Epstein: How Other Countries Judge Malpractice
In his recent speech to the American Medical Association, President Barack Obama held out the tantalizing possibility of reforming medical malpractice law as part of a comprehensive overhaul of the U.S. health-care system. As usual, he hedged his bets by declining to endorse the only medical malpractice reform with real bite -- a national cap on damages for pain and suffering, such as the ones enacted in more than 30 states.
These caps are usually set between $250,000 to $500,000, and they can make a substantial difference. Other reforms, such as rules that limit contingency fees, shorten statutes of limitation, or confine each defendant's tort exposure to his proportionate share of the harm, have small and uncertain effects.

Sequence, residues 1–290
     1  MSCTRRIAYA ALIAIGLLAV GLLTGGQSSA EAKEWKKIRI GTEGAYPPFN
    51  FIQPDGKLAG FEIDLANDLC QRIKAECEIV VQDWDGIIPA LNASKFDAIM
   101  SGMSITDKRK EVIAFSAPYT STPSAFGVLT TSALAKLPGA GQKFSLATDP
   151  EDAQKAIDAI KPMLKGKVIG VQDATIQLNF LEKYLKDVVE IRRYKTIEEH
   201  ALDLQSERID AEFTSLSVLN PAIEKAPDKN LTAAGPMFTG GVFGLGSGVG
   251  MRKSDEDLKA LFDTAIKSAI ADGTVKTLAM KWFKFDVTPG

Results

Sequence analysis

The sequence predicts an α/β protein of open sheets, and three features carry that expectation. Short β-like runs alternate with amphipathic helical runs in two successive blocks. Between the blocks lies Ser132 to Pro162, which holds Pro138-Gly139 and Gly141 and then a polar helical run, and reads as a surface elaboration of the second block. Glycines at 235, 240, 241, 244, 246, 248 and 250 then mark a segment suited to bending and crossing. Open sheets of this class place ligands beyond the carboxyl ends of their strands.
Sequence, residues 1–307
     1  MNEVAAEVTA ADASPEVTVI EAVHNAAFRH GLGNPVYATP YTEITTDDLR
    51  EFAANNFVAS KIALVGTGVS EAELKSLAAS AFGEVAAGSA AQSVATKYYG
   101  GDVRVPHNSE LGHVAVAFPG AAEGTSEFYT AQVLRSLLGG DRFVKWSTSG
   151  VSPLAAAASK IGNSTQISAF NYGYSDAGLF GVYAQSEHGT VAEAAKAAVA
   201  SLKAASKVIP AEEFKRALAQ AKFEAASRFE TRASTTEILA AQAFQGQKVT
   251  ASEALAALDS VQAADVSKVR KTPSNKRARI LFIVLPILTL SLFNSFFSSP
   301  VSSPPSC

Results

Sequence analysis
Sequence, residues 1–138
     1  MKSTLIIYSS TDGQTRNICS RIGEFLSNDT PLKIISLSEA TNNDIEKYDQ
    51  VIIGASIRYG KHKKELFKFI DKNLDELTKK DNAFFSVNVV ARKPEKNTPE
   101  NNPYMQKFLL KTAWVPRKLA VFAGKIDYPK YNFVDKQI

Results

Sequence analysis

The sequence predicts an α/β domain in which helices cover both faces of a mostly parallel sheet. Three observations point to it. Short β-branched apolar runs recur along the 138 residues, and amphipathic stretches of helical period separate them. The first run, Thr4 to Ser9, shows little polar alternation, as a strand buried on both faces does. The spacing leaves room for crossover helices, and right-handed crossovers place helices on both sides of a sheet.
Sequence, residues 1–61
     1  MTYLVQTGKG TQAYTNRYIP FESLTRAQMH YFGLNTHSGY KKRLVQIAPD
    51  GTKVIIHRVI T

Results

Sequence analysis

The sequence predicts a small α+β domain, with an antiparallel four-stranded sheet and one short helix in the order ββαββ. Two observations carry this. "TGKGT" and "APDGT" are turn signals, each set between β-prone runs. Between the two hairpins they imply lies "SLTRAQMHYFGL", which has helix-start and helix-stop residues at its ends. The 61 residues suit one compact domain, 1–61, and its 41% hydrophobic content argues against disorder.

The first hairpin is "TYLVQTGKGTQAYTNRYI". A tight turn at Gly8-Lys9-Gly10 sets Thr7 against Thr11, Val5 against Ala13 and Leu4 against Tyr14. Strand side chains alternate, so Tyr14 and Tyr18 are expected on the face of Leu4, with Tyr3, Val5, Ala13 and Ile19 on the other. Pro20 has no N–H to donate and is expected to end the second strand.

Medical malpractice, of course, is not just an American issue. And now that the U.S. is considering universal health-care systems similar to those found elsewhere, it's worth a quick peek at their medical malpractice systems -- which usually attract far less controversy, and are far less expensive, than our own.